Private Sector Scoops £54 million in PFI Project
Date: 03 June 2010
Reference: PAC 14/09/10
A Private Finance Initiative (PFI) IT project, which transformed Northern Ireland’s Land Registers (the public body responsible for registering land and property transfers) netted British Telecom an estimated £54 million over ten years. That’s one of the key findings in a report, entitled Transforming Land Registers: The Landweb Project, published today by the Northern Ireland Assembly Public Accounts Committee.
The Report, which looks at the impact and cost of the Landweb project since 1999, found that the service had been enhanced through the use of a new computerised system. However, the Committee also queried a number of decisions taken by the former Land Registers Agency on the design and management of the project.
Speaking at the launch of the report, Paul Maskey MLA, Chairperson of the Committee, said: “This PFI project with British Telecom has indeed transformed the land registration functions now administered by the Land and Property Services Agency, and reflects well on BT’s ability to deliver on a complex project. The Committee also acknowledges the commitment shown by Land Registry staff.
“Landweb has provided many improvements, including the ability to process vastly increased numbers of property transfer applications resulting in faster turnaround times. It has provided a secure electronic archive for documents and has enhanced levels of customer service.
“However, having said that, there are areas in which the Committee still has concerns and believes that better value for money could have been secured.”
One issue, which proved of great concern to the Committee, was that the value of the 17 year contract with BT is worth significantly more than originally envisaged when it was signed in 1999, due to additions and changes to the contract and an unprecedented rise in property transactions between 2004 and 2008. Current estimates value the contract at £78 million.
In addition, the level of fees paid by customers and the failure to adjust fees when market conditions changed, resulted in Land Register collecting significantly more money that it costs to operate.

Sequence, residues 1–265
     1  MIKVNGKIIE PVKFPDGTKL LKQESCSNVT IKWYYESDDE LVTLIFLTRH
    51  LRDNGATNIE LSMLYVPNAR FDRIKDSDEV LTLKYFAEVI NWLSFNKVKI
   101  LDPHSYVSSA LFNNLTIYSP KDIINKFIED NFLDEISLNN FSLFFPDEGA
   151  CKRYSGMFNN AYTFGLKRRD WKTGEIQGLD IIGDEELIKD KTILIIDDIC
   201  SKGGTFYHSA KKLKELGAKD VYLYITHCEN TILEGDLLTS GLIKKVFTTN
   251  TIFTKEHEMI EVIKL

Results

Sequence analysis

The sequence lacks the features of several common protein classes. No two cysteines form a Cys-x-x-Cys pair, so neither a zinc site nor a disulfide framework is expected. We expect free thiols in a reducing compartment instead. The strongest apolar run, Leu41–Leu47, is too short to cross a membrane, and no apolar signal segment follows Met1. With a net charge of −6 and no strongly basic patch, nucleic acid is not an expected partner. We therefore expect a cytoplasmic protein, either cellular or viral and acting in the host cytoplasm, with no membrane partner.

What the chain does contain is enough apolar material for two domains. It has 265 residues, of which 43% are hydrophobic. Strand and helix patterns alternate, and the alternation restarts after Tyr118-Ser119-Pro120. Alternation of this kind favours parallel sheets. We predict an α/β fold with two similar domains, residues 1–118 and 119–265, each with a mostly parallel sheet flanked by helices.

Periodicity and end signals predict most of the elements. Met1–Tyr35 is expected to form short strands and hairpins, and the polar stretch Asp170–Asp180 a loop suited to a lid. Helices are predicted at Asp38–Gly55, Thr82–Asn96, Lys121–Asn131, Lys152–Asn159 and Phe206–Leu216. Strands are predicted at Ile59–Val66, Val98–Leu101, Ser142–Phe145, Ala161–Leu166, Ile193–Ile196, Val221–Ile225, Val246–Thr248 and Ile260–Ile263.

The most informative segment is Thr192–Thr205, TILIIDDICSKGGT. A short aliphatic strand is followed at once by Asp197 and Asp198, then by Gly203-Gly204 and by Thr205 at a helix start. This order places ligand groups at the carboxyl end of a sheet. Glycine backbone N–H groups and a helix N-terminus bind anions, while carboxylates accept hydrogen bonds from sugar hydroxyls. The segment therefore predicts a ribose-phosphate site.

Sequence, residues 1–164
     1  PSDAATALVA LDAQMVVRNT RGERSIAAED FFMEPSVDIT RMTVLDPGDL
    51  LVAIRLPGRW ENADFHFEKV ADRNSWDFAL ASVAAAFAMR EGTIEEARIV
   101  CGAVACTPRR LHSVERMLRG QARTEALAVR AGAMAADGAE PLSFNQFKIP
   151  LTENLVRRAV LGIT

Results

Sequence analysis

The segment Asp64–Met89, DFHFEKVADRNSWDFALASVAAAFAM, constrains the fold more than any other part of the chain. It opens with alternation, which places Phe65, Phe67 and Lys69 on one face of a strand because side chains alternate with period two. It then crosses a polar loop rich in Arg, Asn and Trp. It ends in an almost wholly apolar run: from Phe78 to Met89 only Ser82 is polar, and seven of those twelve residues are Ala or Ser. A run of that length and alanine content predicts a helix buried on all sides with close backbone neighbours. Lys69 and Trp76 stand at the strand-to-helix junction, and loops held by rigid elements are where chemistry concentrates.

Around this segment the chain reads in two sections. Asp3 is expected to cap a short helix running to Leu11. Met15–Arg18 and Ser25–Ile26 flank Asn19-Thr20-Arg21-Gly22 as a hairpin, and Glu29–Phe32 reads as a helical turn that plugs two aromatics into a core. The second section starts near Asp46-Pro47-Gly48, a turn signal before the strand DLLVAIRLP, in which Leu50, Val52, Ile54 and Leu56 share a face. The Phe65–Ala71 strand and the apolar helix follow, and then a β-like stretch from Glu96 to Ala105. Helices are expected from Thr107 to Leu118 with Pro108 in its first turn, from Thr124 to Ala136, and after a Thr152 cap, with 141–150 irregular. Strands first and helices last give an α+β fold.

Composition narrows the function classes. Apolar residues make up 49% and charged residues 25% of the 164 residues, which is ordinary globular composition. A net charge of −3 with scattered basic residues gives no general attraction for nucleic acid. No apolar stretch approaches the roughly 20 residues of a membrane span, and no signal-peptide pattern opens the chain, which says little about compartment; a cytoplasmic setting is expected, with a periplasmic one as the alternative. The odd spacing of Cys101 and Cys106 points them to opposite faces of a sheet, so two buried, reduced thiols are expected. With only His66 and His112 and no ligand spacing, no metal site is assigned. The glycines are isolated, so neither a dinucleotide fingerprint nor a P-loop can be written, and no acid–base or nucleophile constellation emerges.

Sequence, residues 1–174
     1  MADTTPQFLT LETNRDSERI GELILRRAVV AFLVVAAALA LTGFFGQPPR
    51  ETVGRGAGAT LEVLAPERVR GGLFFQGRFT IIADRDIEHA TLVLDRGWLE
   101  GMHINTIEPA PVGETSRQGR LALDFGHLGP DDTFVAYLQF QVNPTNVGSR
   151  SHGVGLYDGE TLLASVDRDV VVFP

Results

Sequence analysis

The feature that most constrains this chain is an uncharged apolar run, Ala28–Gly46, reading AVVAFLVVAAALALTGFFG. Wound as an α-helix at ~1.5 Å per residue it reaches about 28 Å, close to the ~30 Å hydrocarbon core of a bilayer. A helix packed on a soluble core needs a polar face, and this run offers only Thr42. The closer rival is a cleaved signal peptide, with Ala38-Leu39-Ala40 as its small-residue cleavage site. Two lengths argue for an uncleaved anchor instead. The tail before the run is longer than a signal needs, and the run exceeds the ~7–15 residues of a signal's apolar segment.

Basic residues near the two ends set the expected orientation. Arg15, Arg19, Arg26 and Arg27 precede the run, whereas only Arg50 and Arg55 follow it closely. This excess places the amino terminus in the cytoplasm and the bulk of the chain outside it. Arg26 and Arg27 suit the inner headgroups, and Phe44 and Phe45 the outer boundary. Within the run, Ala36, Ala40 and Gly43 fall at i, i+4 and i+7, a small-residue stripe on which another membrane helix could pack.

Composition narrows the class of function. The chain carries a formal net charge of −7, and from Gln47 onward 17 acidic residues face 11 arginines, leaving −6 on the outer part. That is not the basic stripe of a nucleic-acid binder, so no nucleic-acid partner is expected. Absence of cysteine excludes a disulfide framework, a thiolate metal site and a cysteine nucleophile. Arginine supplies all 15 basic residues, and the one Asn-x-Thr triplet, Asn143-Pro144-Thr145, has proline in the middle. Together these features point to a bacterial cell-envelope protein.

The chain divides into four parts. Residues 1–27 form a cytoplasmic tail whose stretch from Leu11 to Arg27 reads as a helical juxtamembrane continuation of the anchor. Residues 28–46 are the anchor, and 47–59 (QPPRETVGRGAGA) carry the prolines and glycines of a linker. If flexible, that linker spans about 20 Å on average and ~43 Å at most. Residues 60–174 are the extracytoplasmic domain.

Paul Maskey said: “Land Registers is legally obliged to recover the full costs of its operation, and the level of fees set was intended to do this. However, it is clear to the Committee that Land Registers failed to adjust its fees quickly enough in response to the increasing numbers of transactions due to the rise in the market. This resulted in it generating surplus income of over £30 million since 2003. In effect this is an indirect local tax being levied on its customers which has added to the cost of conveyancing.”
The Committee also found that, from the outset, Land Registers lacked the strategic vision to appreciate how computerisation could transform its business. There were shortcomings in both project management and risk management and a lack of necessary skills and experience in the project team before, during and after the procurement.
Mr Maskey concluded: “I was disappointed that the Department did not identify and disseminate the lessons emerging from this project earlier, as many of these issues were also evident in the Department’s Shared Services projects, which PAC examined in 2008. However, the Agreement with BT can be re-evaluated ahead of the agreement breakpoint in 2014. This provides the Department with an opportunity to assess the value for money of the project and re-negotiate. I would therefore urge it to put in place an action plan to ensure that it is fully prepared for these negotiations.”